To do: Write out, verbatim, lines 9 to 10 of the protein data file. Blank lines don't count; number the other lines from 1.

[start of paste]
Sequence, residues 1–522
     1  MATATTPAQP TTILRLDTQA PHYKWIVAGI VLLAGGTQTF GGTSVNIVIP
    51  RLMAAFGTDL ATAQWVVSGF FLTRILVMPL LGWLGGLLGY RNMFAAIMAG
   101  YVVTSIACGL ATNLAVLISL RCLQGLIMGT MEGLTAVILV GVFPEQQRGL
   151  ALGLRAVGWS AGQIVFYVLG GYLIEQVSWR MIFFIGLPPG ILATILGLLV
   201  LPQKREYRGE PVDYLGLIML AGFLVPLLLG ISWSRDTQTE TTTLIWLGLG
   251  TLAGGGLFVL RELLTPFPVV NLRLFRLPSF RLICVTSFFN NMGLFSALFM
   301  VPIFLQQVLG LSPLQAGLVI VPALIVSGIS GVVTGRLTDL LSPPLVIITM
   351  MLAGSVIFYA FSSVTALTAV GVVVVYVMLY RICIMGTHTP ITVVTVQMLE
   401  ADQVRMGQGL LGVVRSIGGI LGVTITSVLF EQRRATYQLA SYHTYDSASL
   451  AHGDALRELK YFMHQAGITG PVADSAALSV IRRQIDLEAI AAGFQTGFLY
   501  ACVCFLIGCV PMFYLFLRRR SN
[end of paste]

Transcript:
   351  MLAGSVIFYA FSSVTALTAV GVVVVYVMLY RICIMGTHTP ITVVTVQMLE
   401  ADQVRMGQGL LGVVRSIGGI LGVTITSVLF EQRRATYQLA SYHTYDSASL